In a presidential election it is all about the swing states, and, if you are an incumbent, a record of accomplishment to run on.
Unfortunately for Obama, swing states don’t view his one big policy “accomplishment” favorably
The health care overhaul that President Obama intended to be the signature achievement of his first term instead has become a significant problem in his bid for a second one, uniting Republicans in opposition and eroding his standing among independents.
In a USA TODAY/Gallup Poll of the nation’s dozen top battleground states, a clear majority of registered voters call the bill’s passage “a bad thing” and support its repeal if a Republican wins the White House in November. Two years after he signed the Patient Protection and Affordable Care Act— and as the Supreme Court prepares to hear arguments about its constitutionality next month — the president has failed to convince most Americans that it was the right thing to do.
So, what does he run on? A failed stimulus? High unemployment? High gas prices? Seriously, this guy promised to fix the economy in three years, and he has made it worse. He can’t even run on ObamaCare. How does he run at all when he has to run from his own record?
When you don’t have a record worth running on, apparently coming up with a new campaign slogan isn’t easy.
Advisers say a fresh slogan to replace the winning “Change we can believe in” mantra of 2008, is unlikely to appear before Obama knows who his Republican opponent will be and starts big campaign travel swings, likely in the spring or summer.
His campaign posters now say simply, “Obama 2012.”
But Obama’s surrogates have roadtested some slogans in recent months, including “Winning The Future,” which the White House used to promote its budget, and “Greater Together,” which the campaign has used to brand its youth outreach effort.
A new tagline will have to reflect a new reality.
Obama is no longer a Washington outsider, unemployment is falling but still high, and economic insecurity for many voters is a huge concern that a simple slogan cannot overcome.
Got any slogan suggestions?
Been a bit busy, sorry I haven’t had a chance to blog. Anyway, have at it. Posts to come soon.
I’ll give you a hint, it’s not because of more fuel efficient cars. It’s an interesting analysis that all goes back to this chart:
It’s worth clicking to the story and reading the entire analysis, especially since it’s worth knowing what these numbers indicate.
Exciting news today, as Rick Perry ends his campaign and throws his support behind Newt Gingrich.
From Perry’s remarks:
As I have contemplated the future of this campaign, I have come to the conclusion that there is no viable path to victory for my candidacy in 2012.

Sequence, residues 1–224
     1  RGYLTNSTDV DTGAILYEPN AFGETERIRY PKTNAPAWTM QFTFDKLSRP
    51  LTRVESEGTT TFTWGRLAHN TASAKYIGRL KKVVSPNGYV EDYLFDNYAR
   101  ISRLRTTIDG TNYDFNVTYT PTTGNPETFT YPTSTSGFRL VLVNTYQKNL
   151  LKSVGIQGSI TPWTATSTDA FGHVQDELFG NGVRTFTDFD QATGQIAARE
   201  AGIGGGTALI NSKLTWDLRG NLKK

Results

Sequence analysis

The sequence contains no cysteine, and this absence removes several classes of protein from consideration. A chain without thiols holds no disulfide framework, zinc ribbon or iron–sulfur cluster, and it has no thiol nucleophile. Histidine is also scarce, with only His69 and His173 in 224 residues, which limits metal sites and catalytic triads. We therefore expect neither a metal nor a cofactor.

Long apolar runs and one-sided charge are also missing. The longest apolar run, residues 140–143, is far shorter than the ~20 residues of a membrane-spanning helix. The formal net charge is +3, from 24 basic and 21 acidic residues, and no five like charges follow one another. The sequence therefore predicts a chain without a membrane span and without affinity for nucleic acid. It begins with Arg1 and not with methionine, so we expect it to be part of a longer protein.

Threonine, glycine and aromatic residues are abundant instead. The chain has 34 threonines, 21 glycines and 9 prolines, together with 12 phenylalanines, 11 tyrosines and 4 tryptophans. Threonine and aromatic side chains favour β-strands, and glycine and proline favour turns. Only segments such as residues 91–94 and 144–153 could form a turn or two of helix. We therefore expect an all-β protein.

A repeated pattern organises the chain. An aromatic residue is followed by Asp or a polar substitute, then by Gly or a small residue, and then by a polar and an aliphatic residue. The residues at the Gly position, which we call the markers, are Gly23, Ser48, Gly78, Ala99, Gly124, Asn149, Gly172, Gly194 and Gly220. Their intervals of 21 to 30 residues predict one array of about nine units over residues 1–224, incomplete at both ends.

Therefore, today I am suspending my campaign and endorsing Newt Gingrich for president.
I believe Newt is a conservative visionary who can transform our country.
We have had our differences, which campaigns inevitably bring out. And Newt is not perfect, but who among us is?
The fact is, there is forgiveness for those who seek God and I believe in the power of redemption, for it is a central tenet of my own Christian faith.
And I have no question Newt Gingrich has the heart of a conservative reformer, the ability to rally and captivate the conservative movement and the courage to tell the Washington interests to take a hike if it’s what is best for the country.
Also, Rick Santorum was declared the official winner of the Iowa caucuses. The latter news will have a significantly smaller impact on the rest of the campaign.
Hope you all had a good weekend. Discuss the latest news while I spend my time shoveling and stuff.
Predictions? Thoughts? Have at it.
I have to say, I love Thomas Sowell’s writing. Ever since I read Basic Economics several years ago I’ve just been drawn to his economic and social writing. He has a way of explaining all sorts of complex subjects in a way that could make even the most close minded liberal understand.
Anyway, I was thrilled to see on Twitter moments ago that Sowell has endorsed Newt Gingrich for president.
In a world where we can make our choices only among the alternatives actually available, the question is whether Newt Gingrich is better than Barack Obama — and better than Mitt Romney.
Romney is a smooth talker, but what did he actually accomplish as governor of Massachusetts, compared with what Gingrich accomplished as speaker of the House? When you don’t accomplish much, you don’t ruffle many feathers. But is that what we want?
Can you name one important positive thing that Romney accomplished as governor of Massachusetts? Can anyone? Does a candidate who represents the bland leading the bland increase the chances of victory in November 2012? A lot of candidates like that have lost, from Thomas E. Dewey to John McCain.
Those who want to concentrate on the baggage in Newt Gingrich’s past, rather than on the nation’s future, should remember what Winston Churchill said: “If the past sits in judgment on the present, the future will be lost.” If that means a second term for Barack Obama, then it means we’ve lost, big time.
If any of you are still on the fence, do check out the whole thing.